• Paul Sellers on 13 January 2019 at 11:54 am

      We saw it coming after World War II. Both parts of the couples working out from the home to pursue their careers meant each got a wage but the wage had to be reduced to the one to make for the other in a new economy based on higher consumerism. In the 60s richer people, middle class families owned a car. On my street of a hundred houses there were maybe three or four eventually. Two cars were needed when both parties began working away from home, or three or four, ready meals, wine to still the nerves. Entertainment and instancy in everything. Higher debt than ever. I just this second, as I am typing, heard a young 24 year old (guessing) say she broke out a bottle of champagne in the jacuzzi. These things need paying for. Credit to be paid off with credit cards and bankers with no moral compass at all a perfect union for driving people insane when they don’t think there are ramifications to an I-deserve-culture. Its broke!



      • Steven on 13 January 2019 at 2:08 pm

        Amen!



    • Tom Angle on 16 January 2019 at 6:59 pm

      Is it unattainable or just that most do not want to give up what they have. I am not sure where you live, so I will talk about in the US. Everyone here has a cell phone, at least on vehicle, pay for cable/sat TV, multiple computers/tablets, eat out multiple times a week, purchase as much junk food as healthy food, have vices (alcohol, tobacco, drugs,…), attends events (sport, movies, shows, etc…) multiple times a month, purchases name brand clothes…..

      If a person was to look at their spending and eliminate a lot of the luxuries (for lack of a better term), they could live a lot cheaper. Just add up what you spend on the above items and ask yourself if I paid all that money existing bills. How long would it take me to be debt free. Once there you can see how much you really need to live on. You might see that is attainable for most.

      You need to get out of the mind set that you need all the things you think you need. I grew up around a very large community where 99.9% where single income families. They just did without what they thought was wasteful.

      You can do it, it might take some time and pain, but you can do it.



  8. Richard on 13 January 2019 at 9:00 pm

    Paul,

    If you were following an artisan career path now (in this world of texts, facebook and whatsapp .. and vlogging that you talk of) at the age of 30 with a growing family, would you have the luxury of your current viewpoint?

    Or would you be working as hard as you could to make ends meet, bearing in mind that you would be likely to sell your work over these social media portals, so the ever elusive next customer would be playing on your mind, luring you back to your ‘device’ when you did manage to emerge for a day out with the family.

    I like you and your website, mainly the outstanding joinery teaching, but I feel you are a bit hard on people making the best of the world they have inherited.

    Also, you wrote ‘Why did they not get made in the UK or Israel or the USA?’ – The logical conclusion is to keep the production as cheap as possible, so we can pay less for things, eg buying chisels from Aldi and not from an artisan maker. Where do you stand on this?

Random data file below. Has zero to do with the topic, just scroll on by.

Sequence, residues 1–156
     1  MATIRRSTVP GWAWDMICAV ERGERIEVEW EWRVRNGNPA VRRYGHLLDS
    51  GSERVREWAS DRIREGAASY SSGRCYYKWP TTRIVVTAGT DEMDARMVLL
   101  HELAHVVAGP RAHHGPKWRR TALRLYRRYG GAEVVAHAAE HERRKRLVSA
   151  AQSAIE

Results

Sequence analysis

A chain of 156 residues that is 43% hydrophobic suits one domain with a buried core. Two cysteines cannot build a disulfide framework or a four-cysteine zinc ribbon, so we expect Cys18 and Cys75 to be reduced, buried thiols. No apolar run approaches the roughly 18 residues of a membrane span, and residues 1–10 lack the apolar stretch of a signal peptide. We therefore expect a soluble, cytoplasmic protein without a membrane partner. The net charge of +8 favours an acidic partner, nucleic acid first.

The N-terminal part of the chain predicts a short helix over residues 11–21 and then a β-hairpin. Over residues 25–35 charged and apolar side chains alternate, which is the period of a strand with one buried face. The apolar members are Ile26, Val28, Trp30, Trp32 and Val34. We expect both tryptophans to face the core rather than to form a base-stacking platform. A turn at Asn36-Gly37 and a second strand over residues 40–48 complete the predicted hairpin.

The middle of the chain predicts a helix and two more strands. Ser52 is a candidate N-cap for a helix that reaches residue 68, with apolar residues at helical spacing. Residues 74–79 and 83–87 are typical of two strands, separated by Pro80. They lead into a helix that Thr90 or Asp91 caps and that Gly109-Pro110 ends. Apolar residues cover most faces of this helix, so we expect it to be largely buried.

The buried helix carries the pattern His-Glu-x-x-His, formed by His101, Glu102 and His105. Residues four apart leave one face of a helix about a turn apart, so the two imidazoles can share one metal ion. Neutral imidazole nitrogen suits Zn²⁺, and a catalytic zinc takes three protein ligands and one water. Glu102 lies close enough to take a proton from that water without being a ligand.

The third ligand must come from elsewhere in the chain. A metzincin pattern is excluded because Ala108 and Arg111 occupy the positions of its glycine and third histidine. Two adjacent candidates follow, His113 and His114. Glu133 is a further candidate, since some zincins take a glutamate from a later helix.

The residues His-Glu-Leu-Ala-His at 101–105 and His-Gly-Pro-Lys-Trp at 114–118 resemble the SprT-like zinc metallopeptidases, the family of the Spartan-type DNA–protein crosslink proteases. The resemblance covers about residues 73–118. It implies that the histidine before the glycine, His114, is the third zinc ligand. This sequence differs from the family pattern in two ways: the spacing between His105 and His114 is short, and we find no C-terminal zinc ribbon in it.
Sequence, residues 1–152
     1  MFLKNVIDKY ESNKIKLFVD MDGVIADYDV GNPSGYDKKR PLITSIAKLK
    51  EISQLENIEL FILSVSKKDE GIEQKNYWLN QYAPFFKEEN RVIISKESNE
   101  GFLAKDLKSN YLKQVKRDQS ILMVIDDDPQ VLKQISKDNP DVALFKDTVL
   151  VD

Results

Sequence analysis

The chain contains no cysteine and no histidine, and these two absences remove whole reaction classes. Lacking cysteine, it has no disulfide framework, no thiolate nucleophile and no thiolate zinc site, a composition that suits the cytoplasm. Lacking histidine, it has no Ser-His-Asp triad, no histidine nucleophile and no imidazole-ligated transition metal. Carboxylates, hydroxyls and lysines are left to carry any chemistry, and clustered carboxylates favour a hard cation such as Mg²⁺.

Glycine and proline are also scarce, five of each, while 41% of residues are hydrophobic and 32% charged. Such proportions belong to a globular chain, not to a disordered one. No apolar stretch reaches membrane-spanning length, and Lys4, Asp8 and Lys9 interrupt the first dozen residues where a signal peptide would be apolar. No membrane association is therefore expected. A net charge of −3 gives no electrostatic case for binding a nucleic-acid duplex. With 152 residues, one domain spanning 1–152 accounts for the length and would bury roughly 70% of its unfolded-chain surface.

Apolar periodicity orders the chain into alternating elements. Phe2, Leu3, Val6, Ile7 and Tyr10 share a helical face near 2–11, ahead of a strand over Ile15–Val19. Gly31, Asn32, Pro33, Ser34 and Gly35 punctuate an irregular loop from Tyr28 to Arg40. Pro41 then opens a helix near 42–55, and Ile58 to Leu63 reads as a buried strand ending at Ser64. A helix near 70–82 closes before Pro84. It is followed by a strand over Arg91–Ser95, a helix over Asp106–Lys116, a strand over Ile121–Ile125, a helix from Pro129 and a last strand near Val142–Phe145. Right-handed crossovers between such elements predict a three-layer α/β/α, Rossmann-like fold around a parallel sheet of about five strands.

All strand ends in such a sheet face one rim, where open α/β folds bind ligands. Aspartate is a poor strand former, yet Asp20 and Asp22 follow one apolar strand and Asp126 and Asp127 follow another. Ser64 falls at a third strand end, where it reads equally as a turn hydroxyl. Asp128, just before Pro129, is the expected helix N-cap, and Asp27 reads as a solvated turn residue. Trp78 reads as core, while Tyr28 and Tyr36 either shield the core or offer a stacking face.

Richard



    • Paul Sellers on 14 January 2019 at 10:13 am

      Thanks for this Richard.

      I would not say it is at all harder now than it was fifty years ago. We must guard against feeling sorry for ourselves because the mass media is telling us that’s the case. I raised a family of four children on one income provider which was me.

      Firstly, from day one with my mother and my father I was taught always to work diligently. Work was never something you didn’t want to do to them or me. I never heard either of them ever complain about going to or doing work. They never said, “Oh no. Monday!” Hence I still take about two weeks of a break a year and it’s enough for me; always has been and I am 69. I prefer to work a six day week and I always have. I have mostly worked a ten hour day too. This is not hard work and neither is it a long week. It’s perfectly normal for me. Beyond this I write my blog, my journal is still hand written and drawn, I of course write my books, teach and train others one to one in special classes and uniquely styled customised apprenticeships I have manuscripts for a few books too. I don’t watch TV though.

      Secondly, nothing has changed because of global economy or the internet as you might suggest or think. I doubt whether I would use the internet for sales but I probably would keep a very simple, simple website presence for people who want to know about me and my work. It’s replaced paper brochures and flyers that’s all. I would not rely on national or international sales but expect local customers looking for hand made quality and not competitive prices. There is no question that the “device” would figure into my workaday working were I working in the workshop making for a customer, I would simply be planing and sawing and chopping and not tapping nor sketchupping nor searching out customers. You might be surprised but after a while your customers start searching for you because they know you’re a worker not a shirker and that your work is top quality. They are not really looking for a tech savvy being but a craftsman. And your premise that customers are somehow elusive is perhaps distorted too. In any given area there are people looking for a what a good and creative worker produces, dare I suggest by the dozens and on a national scale by the hundreds. Reputation comes by diligence and hard work, consistency and never by feeling sorry for ones self that one worked more than 36 hours in a week.